John Chope column
 

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John Chope column

 

John Chope column

John Chope asks how reassuring is our brave new flexible world of dental team regulation.

It seemed like a good idea at the time: a reformed GDC regulating the whole team, regarding all its registrants equally and relying on each one of them to exercise his or her own personal insight and professional judgement to interpret and follow its ethical principles.

After all, the standards that concern the GDC are straightforward standards. They are clearly articulated in the Council’s ethical guidance document ‘Standards for Dental Professionals.’ There are many benefits to this approach for both patients and registrants. It recognises and accommodates the inevitable evolution of professional standards and public expectations. And because it demands a personal understanding of professionalism, it encourages the individual to contemplate his or her own behaviour and performance and to rate it against societies’ norms. Without the fetters of a prescriptive regime weighed down with lists of dos and don’ts, this principled approach frees the spirit to soar to new heights of professional ingenuity and endeavour, and all for the gratification and betterment of patients. Doesn’t that all sound wonderful!

But where’s the certainty for patients and registrants? This is the question heard at the switchboard and repeated in the corridors and committee rooms of the GDC. Many yearn for the good old days when the GDC told you what sort of illuminated sign you could fix over your practice entrance or whether you should use a letter or postcard to communicate with patients. The protection organisations knew where they stood when advising members on the nitty gritty of ethical behaviour and colleagues could use the ethical rule book as ammunition against each other’s attempts at illicit advertising.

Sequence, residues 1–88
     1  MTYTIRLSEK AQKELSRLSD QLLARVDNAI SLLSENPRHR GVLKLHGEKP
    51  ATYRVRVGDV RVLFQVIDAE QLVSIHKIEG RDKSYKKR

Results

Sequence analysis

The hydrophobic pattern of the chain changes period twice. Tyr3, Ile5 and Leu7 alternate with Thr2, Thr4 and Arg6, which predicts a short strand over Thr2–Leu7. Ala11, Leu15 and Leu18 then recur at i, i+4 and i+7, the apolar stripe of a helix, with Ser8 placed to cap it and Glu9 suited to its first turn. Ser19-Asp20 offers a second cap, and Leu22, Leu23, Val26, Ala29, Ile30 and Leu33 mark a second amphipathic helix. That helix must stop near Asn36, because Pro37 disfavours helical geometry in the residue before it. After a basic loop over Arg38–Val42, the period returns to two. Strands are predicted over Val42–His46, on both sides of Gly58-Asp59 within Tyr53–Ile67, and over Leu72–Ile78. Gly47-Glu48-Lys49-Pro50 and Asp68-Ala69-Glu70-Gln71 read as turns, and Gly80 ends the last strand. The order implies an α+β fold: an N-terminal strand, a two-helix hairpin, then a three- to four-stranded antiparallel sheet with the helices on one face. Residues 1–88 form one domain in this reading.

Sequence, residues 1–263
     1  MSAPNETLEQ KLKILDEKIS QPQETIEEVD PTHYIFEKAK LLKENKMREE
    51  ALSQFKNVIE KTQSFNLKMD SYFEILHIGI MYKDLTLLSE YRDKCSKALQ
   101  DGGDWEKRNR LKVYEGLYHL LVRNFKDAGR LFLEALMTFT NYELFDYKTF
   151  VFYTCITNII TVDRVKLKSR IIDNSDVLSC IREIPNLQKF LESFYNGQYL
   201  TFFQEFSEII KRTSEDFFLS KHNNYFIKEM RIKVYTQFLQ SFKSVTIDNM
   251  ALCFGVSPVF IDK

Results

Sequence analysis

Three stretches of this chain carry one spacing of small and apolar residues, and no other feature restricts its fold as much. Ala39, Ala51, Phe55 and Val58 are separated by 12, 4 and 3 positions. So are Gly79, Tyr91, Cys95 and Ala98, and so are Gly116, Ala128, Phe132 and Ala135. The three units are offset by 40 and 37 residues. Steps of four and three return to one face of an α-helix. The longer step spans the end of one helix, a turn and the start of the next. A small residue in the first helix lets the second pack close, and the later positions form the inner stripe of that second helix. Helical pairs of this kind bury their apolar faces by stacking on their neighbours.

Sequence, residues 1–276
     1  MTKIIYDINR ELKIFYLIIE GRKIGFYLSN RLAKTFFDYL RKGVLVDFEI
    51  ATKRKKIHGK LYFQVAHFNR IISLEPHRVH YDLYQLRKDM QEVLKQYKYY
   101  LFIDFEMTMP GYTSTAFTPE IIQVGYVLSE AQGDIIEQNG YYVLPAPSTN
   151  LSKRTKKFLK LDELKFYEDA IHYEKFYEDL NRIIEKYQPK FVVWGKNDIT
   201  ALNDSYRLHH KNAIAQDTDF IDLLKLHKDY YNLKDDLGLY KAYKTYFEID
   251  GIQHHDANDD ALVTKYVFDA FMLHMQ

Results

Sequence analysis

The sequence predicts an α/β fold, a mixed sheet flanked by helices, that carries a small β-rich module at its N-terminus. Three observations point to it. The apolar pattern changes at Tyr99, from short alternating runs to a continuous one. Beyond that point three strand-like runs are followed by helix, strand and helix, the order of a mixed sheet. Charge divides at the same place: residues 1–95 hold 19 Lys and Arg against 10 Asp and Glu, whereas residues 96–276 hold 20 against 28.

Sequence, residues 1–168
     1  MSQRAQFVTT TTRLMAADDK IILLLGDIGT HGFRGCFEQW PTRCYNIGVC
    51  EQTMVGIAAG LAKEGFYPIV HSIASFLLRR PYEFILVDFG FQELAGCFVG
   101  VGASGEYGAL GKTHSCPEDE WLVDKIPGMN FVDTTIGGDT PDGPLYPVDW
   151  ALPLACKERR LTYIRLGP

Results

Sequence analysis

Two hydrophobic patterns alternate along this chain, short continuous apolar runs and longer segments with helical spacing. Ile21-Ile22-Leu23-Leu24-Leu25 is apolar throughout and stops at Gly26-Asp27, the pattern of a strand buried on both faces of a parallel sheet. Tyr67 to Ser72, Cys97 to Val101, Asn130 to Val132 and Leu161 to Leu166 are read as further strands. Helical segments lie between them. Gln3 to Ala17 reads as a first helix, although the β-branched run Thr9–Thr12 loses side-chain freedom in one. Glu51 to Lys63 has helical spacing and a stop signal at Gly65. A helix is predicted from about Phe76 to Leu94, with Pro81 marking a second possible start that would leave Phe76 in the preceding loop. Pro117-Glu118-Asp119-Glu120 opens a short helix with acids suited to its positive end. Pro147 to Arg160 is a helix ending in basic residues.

It’s not just dentists who now find themselves in a state of concerned uncertainty. Gone are the times when DCPs could recite their list of permitted duties. Under current rules, DCPs who can prove to the GDC they are trained and competent may practise any aspect of dentistry they choose. But how do you know whether your training is acceptable and how far are you permitted to extend your career by extending your duties?

The purpose of healthcare regulation is to provide reassurance. Dental professionals, both inside and outside the GDC, and patients as well, are beginning to ask whether this brave new flexible world is quite so reassuring as it should be. Some are even asking ‘may we have some more rules please?’

 Posted on : Wed 21st - Feb - 2007

 

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